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  #1  
Old 09-23-2012, 04:10 PM
Mr. Kobayashi Mr. Kobayashi is offline
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Exposed feet freeze death sleep horror!

There was a tale I remember from my childhood, probably told by my grandmother, of an exhausted man who goes to sleep on a cold winter night. However, the fool has left his feet exposed beyond the blankets, and he is found dead the next morning.

Could exposure of an extremity to low temperature really result in death that quickly? I'm guessing the worst you could get is frostbite on the appendage in question.
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  #2  
Old 09-23-2012, 04:27 PM
Chimera Chimera is offline
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I routinely sleep with my feet outside the blankets. I hereby certify that I am not dead*.

I would expect the worst to be frostbite.


* My post is my cite. Dead people don't post. Yet. Due to the miracles of social media, we may someday all post from beyond the grave. Or at least, some program pretending to be us will post us-like statements intended for the comfort** of those who knew us.
** Level of creepiness not yet established.
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  #3  
Old 09-23-2012, 04:32 PM
njtt njtt is offline
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If there was a fan on.

In Korea.
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  #4  
Old 09-23-2012, 05:08 PM
Jenaroph Jenaroph is offline
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However did the ancestors of humans survive before the invention of blankets? Or beds? Or houses? It must have been a freakin' miracle.
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  #5  
Old 09-23-2012, 05:22 PM
IvoryTowerDenizen IvoryTowerDenizen is offline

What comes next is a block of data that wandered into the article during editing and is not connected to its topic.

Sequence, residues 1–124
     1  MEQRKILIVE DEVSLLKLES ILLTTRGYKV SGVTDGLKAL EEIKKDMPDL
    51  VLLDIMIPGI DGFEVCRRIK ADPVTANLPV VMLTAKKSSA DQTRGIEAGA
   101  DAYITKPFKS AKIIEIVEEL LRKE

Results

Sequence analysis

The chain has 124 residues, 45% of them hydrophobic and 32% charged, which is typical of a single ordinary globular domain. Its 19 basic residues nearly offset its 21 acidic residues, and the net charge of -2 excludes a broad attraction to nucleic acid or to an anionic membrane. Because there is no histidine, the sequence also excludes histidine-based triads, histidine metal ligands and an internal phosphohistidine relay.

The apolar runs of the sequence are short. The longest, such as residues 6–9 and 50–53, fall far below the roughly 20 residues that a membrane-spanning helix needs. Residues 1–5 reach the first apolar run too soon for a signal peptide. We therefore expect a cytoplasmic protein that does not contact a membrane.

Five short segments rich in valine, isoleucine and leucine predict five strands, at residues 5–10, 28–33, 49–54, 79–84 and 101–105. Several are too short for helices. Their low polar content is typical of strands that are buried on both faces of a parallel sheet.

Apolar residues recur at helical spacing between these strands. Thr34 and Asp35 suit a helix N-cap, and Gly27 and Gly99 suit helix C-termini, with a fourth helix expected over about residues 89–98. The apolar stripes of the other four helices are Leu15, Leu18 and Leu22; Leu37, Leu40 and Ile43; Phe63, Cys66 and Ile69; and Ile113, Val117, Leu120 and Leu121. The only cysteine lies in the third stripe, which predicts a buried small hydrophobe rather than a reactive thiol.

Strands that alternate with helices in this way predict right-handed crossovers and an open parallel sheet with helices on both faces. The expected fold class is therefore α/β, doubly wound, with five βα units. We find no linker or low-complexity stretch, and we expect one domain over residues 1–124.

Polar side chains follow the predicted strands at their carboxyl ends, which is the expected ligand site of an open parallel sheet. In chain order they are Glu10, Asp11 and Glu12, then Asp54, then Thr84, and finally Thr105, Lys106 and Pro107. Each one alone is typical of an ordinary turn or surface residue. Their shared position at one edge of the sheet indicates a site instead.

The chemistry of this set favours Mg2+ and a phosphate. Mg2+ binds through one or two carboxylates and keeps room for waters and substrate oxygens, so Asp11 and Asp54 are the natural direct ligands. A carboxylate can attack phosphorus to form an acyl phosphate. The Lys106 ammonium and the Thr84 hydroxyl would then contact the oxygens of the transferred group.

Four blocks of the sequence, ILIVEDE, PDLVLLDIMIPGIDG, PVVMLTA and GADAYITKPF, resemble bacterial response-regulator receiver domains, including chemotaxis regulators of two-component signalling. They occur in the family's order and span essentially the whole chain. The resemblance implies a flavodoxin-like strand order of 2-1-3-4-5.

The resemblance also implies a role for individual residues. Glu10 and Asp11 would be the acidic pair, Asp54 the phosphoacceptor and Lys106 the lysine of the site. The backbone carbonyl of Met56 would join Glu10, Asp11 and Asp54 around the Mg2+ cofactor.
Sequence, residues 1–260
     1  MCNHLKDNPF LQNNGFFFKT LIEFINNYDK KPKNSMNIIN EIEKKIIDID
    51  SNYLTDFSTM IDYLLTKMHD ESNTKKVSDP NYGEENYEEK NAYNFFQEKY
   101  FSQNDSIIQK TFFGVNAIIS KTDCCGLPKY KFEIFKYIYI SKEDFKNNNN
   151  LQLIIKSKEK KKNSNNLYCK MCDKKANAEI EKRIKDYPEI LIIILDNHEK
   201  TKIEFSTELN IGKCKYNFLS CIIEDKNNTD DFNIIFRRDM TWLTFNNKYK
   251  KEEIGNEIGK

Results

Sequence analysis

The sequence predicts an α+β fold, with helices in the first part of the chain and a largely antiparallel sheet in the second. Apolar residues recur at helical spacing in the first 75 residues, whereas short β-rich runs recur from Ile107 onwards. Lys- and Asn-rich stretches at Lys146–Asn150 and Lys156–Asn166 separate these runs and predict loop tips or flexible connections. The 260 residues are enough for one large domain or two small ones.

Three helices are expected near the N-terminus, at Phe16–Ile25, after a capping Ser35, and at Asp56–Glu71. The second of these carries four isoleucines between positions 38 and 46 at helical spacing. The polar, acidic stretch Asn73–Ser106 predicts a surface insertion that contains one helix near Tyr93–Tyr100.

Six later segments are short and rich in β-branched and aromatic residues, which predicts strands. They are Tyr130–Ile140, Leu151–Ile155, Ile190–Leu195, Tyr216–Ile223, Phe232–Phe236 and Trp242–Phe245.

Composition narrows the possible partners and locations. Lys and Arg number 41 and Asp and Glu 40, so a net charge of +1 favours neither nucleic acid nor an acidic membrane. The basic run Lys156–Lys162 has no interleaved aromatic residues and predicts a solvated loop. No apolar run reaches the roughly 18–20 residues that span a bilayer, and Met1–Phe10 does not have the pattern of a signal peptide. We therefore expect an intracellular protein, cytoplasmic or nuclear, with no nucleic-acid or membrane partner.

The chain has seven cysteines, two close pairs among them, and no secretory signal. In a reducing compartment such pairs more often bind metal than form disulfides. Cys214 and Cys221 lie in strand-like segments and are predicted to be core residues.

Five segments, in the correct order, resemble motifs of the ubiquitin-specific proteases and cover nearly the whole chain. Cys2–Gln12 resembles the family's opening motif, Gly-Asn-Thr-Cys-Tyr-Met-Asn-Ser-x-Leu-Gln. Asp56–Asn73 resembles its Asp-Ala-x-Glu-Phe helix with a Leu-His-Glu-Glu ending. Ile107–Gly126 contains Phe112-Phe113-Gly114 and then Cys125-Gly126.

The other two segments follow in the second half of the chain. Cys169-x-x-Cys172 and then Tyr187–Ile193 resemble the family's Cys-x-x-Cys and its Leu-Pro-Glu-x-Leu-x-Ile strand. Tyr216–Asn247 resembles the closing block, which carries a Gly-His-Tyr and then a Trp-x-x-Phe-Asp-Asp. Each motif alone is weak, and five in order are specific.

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Quote:
Originally Posted by Jenaroph View Post
However did the ancestors of humans survive before the invention of blankets? Or beds? Or houses? It must have been a freakin' miracle.
They lived where it was warm....
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  #6  
Old 09-23-2012, 06:22 PM
Machine Elf Machine Elf is offline
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Most people find it difficult to sleep when their core temperature is below normal - at least until one's core temp is so low that unconsciousness sets in. So you settle down for a night's sleep, comfortably warm at first, and then once your core temp drops, you involuntarily wake up and feel compelled to do something to alleviate your discomfort.

This will be true regardless of what appendage is uncovered. Even if nothing is sticking out from the blanket, but the blanket is simply too thin, the same sequence of events will occur.
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  #7  
Old 09-23-2012, 06:31 PM
DrDeth DrDeth is offline
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Quote:
Originally Posted by Chimera View Post


* My post is my cite. Dead people don't post. .
I beg to differ.


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  #8  
Old 09-23-2012, 06:55 PM
johnpost johnpost is offline
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Quote:
Originally Posted by Jenaroph View Post
However did the ancestors of humans survive before the invention of blankets? Or beds? Or houses? It must have been a freakin' miracle.
small mammals were plentiful and used as foot warmers.
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  #9  
Old 09-23-2012, 07:03 PM
njtt njtt is offline
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Quote:
Originally Posted by Jenaroph View Post
However did the ancestors of humans survive before the invention of blankets? Or beds? Or houses? It must have been a freakin' miracle.
Quote:
Originally Posted by IvoryTowerDenizen View Post
They lived where it was warm....
And pretty soon they invented fire, and clothing, and blankets, and clothing.

Oh, and dogs. They are not bad footwarmers.
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  #10  
Old 09-23-2012, 07:57 PM
Grateful-UnDead Grateful-UnDead is offline
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Citing from personal experience, I would say that unless the person is in some way rendered comatose, the likelihood of an appendage freezing under these circumstances is negligible.